How conventional visual representations of time-frequency analyses bias our perception of EEG/MEG signals and what to do about it

Research output: Contribution to journalLetter, comment or opinion

Abstract

Time-frequency decompositions of the EEG/MEG have become such a familiar part of the cognitive neuroscience landscape over the past two decades that their appearance no longer seems remarkable. But to those of us who laboured in the days when the signal analysis toolbox contained Fourier analysis, event-related potentials and not much else, the arrival of time-frequency decompositions was little short of revolutionary. With their introduction, complex information about both the timing and frequency of changes in the EEG/MEG could be presented in the visually attractive format of time-frequency plots (TFPs). Like maps, with time on the abscissa, frequency on the ordinate and a colour or grey scale to indicate the amplitude or power at each time-frequency location, TFPs provide a convenient and efficient way to represent a large amount of detailed information in an easily digestible format and, for that, they are to be commended. Yet, despite all these benefits, it is my contention that TFPs, in the format most commonly seen in journal articles and at conferences, systematically distort and bias our perception of the EEG/MEG signals that they are supposed to help us understand.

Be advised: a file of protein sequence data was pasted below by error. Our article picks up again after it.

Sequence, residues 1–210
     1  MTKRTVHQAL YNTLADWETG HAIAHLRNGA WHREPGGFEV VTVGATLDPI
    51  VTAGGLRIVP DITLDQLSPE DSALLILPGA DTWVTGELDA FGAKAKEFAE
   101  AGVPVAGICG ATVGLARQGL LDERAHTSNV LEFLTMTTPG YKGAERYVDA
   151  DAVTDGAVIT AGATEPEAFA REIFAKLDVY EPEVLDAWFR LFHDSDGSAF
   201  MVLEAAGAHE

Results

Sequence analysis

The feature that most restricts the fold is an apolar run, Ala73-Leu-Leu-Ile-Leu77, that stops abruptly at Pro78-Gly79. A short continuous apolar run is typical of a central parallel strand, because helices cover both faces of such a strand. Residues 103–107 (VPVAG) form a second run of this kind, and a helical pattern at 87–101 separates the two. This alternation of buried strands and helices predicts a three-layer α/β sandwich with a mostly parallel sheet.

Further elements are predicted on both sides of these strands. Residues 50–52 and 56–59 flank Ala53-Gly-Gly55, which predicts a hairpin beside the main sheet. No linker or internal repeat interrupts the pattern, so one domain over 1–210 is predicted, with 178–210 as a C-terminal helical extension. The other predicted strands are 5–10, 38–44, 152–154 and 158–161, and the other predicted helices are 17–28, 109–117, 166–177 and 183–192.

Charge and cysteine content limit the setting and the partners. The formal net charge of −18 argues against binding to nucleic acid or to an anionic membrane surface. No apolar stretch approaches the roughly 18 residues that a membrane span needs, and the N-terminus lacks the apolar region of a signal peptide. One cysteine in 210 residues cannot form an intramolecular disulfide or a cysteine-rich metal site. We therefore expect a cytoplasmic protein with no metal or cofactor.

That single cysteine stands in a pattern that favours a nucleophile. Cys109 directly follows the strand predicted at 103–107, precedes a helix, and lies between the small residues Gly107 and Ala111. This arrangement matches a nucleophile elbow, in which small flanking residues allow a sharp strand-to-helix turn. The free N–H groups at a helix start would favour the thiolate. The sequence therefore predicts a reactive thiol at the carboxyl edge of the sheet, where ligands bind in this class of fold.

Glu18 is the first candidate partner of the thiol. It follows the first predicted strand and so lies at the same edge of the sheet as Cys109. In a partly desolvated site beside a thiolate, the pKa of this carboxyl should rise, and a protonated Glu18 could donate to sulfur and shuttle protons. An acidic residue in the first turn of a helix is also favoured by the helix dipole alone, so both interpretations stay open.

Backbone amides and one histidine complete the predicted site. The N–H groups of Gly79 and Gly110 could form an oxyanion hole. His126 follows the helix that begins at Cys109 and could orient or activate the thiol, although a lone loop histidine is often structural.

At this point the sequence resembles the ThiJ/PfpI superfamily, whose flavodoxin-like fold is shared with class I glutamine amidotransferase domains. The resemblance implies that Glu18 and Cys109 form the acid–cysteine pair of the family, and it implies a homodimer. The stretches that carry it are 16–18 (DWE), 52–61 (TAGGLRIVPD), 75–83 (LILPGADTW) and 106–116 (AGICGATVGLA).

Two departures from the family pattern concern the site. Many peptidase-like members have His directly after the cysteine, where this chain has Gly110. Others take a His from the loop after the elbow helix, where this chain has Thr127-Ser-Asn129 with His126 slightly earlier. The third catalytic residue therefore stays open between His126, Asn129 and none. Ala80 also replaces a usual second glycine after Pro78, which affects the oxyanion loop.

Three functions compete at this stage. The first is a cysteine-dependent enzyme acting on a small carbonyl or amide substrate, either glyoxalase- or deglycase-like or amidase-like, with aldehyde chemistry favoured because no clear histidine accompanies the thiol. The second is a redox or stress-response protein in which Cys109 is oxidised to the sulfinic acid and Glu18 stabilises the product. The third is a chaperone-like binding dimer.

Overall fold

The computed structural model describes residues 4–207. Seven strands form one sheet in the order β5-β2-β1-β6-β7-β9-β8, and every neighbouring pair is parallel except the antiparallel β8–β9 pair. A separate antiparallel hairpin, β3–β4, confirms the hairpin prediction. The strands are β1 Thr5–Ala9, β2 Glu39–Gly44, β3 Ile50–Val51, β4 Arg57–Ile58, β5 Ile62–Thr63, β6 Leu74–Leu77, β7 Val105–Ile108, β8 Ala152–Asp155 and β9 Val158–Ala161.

Specifically, my contention is that TFPs are biased by the use of linear frequency scales. Linear frequency scales distort our perception of the EEG/MEG signal by placing far too much emphasis on the high frequency components of the signal, where there is very little energy, and far too little emphasis on the lower frequencies where the biggest changes are seen. This disproportionate focus on high frequencies confers a degree of significance to the gamma band that is not justified by the evidence.
Original languageEnglish
Article number212
JournalFrontiers in Human Neuroscience
Volume13
DOIs
Publication statusPublished - 25 Jun 2019

Bibliographical note

© 2019 Burgess. This is an open-access article distributed under the terms of the Creative Commons Attribution License (CC BY). The use, distribution or reproduction in other forums is permitted, provided the original author(s) and the copyright owner(s) are credited and that the original publication in this journal is cited, in accordance with accepted academic practice. No use, distribution or reproduction is permitted which does not comply with these terms.

Keywords

  • Bias (systemic error)
  • EEG & MEG
  • Time-frequency (TF) analysis
  • Visual representacion
  • Wavelet transform

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